Caribou herds in B.C. are divided into four groups, southern mountain (shown), central mountain, northern mountain and boreal. (B.C. government)

Caribou herds in B.C. are divided into four groups, southern mountain (shown), central mountain, northern mountain and boreal. (B.C. government)

LETTERS: Wolf kills, wilderness protection and caribou recovery

Readers respond to Tom Fletcher’s column on B.C. program

Re: Wolf kill, not backcountry bans, saving caribou (B.C. Views, Oct. 13)

Killing wolves has been the “white man’s way” since we invaded First Nations’ territories prior to and after 1867.

Wolves are predators, caribou are prey, but recent documentaries by researchers have shown wolves to have a beneficial impact on more than prey numbers. Their activity affects the environment in ways that short-sighted hunters and biologists could not perceive.

Those who study wolves probably have conflicting information than those who study caribou.

Patrick Longworth, Penticton

• • •

The mountain caribou saga drags on with each new attempt by a fresh batch of bio-miracle-workers determined to reverse the inevitable.

The animals are able to exist in areas where snow is deep and dense enough to support them as they go from one feeding site to the next in search of arboreal lichens that are their primary source of food in winter.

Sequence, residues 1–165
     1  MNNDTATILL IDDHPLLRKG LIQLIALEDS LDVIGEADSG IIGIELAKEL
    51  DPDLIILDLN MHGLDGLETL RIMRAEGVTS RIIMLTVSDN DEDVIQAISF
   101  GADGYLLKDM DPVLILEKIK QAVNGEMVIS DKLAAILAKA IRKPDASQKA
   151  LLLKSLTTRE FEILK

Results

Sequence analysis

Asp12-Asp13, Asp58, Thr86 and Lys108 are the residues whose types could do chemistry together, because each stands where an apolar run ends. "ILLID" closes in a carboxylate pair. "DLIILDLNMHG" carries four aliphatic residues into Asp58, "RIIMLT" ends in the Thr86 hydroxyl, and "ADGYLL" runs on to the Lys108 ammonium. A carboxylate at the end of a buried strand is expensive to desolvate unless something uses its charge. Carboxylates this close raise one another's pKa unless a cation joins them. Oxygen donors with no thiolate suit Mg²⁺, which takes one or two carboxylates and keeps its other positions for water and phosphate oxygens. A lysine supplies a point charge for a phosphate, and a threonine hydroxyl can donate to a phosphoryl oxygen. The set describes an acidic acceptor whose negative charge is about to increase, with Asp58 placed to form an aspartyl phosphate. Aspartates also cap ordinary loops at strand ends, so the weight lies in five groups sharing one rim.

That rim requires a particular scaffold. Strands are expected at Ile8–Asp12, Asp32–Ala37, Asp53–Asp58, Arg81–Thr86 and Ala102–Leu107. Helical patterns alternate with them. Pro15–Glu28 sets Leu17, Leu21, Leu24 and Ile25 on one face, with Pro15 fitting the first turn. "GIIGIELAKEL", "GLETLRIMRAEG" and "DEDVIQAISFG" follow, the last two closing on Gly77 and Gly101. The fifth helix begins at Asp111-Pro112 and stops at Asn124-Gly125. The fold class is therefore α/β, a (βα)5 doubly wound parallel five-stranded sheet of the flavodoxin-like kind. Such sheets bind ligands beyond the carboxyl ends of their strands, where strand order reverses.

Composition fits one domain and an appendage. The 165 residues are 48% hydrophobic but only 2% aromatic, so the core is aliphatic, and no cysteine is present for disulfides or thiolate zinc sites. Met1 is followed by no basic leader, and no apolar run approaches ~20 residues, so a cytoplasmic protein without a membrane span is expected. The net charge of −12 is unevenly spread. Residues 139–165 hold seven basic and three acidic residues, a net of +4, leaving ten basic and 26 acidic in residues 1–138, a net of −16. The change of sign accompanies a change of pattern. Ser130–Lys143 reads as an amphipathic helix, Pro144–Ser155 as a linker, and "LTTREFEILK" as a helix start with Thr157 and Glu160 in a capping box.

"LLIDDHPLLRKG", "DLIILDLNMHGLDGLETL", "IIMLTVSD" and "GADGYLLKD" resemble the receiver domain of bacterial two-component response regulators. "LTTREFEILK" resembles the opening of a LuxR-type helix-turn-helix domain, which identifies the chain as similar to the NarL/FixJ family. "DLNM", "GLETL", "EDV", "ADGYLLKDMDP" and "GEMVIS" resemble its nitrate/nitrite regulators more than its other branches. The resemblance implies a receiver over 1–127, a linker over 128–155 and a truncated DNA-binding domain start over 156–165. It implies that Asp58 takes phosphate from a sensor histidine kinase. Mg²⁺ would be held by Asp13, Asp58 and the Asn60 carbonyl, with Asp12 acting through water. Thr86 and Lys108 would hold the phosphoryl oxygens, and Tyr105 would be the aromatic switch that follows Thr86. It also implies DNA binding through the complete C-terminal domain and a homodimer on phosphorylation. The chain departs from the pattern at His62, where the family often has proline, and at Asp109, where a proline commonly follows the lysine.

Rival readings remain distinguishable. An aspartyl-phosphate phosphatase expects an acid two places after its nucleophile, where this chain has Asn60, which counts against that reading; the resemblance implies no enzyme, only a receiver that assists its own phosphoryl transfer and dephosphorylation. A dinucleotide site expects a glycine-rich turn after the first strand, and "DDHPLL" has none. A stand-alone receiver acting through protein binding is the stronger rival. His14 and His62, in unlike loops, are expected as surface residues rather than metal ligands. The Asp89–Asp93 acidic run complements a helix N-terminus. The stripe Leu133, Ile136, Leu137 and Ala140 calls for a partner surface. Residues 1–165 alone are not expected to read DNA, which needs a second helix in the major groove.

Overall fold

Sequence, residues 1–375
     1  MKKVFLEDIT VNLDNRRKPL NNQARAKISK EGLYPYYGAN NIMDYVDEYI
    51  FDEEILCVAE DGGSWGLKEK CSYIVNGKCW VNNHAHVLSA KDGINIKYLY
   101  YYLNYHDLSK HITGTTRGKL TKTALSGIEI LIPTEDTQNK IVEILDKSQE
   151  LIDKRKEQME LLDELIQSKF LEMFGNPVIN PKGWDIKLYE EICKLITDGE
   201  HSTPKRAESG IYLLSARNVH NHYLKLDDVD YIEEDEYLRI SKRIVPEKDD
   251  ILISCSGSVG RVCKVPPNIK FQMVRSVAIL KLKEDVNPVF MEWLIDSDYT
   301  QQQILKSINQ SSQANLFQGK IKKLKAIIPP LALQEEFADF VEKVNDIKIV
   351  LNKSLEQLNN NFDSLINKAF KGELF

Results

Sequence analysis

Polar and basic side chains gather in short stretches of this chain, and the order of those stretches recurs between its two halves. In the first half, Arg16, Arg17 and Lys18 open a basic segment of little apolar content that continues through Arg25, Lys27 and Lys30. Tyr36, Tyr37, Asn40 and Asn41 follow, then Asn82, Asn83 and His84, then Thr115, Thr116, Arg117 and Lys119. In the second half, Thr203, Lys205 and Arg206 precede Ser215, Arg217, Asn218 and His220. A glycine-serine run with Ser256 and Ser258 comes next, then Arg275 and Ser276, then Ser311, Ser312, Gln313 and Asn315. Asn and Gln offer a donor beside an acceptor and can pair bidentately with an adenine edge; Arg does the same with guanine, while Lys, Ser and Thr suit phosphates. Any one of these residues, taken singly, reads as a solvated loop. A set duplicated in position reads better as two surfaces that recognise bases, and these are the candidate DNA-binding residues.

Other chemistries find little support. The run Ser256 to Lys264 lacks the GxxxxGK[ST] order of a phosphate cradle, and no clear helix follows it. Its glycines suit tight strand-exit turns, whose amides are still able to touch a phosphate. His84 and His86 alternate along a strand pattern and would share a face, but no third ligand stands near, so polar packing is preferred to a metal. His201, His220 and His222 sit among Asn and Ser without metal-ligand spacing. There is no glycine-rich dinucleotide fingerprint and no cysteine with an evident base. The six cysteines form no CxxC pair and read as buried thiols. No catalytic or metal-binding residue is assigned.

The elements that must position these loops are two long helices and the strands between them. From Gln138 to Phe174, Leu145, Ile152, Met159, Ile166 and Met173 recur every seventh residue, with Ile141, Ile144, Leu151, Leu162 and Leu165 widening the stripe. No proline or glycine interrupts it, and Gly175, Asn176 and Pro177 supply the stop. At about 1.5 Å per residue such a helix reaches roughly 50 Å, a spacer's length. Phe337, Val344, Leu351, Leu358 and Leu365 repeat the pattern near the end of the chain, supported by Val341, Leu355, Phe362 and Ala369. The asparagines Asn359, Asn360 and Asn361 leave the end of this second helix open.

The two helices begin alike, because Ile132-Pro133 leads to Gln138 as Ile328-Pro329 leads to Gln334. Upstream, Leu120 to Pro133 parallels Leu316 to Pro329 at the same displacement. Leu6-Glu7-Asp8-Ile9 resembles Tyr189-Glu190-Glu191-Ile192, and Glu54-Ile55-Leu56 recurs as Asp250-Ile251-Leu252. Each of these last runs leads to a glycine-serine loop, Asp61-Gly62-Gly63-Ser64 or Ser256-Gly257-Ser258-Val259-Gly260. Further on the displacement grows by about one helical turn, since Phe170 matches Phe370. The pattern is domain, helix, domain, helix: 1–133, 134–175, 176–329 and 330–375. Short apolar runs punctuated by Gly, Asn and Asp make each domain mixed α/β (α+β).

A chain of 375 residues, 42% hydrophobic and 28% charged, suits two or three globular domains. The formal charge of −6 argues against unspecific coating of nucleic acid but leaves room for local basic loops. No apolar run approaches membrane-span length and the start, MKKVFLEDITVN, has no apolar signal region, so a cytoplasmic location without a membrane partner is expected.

Deer, elk, moose, wolves and cougars do not occupy this environment in winter, while grizzly bears do, they are not a threat when hibernating.

This particular caribou subspecies are nivaphiles (snow-lovers) and able to exist where the others, being nivaphobes (snow-haters) cannot. Wolves do not follow snowmobile tracks because they don’t exist in the deep snow environment in winter!

Therefore, Conservation Officers are not protecting mountain caribou, but they are preventing riders from enjoying the “steep and the deep” under the pretext of protecting the environment.

Ken Sumanik MSc (Zoology), retired B.C. government big game and habitat biologist, Richmond

• • •

I almost spit my coffee out when I read the quote “Caribou are declining in Wells Gray Provincial Park….where there has been no modern-day industrial disturbance.” The Wells Gray caribou herd’s range extends far beyond Wells Gray park.

I just got back from an expedition to core critical habitat of the Wells Gray herd, where I found more than 500 CFL football fields being logged just outside the park. This logging began in April, within core critical habitat.

I don’t think it’s rocket science to understand that for a species to survive, they need habitat. Of course, putting them in a pen and killing their predators will probably achieve an increase in caribou numbers, but this is less like recovery and more like a zoo.

Recovery means self-sustaining populations, where human influence is not needed. The over-reliance on wolf culls and maternity pens without protecting sufficient habitat will never achieve self-sustaining populations in the long run.

I’ve also been to the habitat of the South Selkirk herd. The amount of linear disturbance and resource extraction is immense. Yes, there were backcountry signs saying something like “caribou habitat stay out.” These signs were covered in bullet holes and signs on top of the ministry signs that said “snowmobiling closure not the answer.” Followed by snowmobile tracks into habitat which was supposed to be off limits.

Charlotte Dawe, conservation campaigner, Wilderness Committee, Vancouver

BC legislature

Just Posted

RDEK is calling for nominations for their Volunteer of the Year award in all six electoral districts.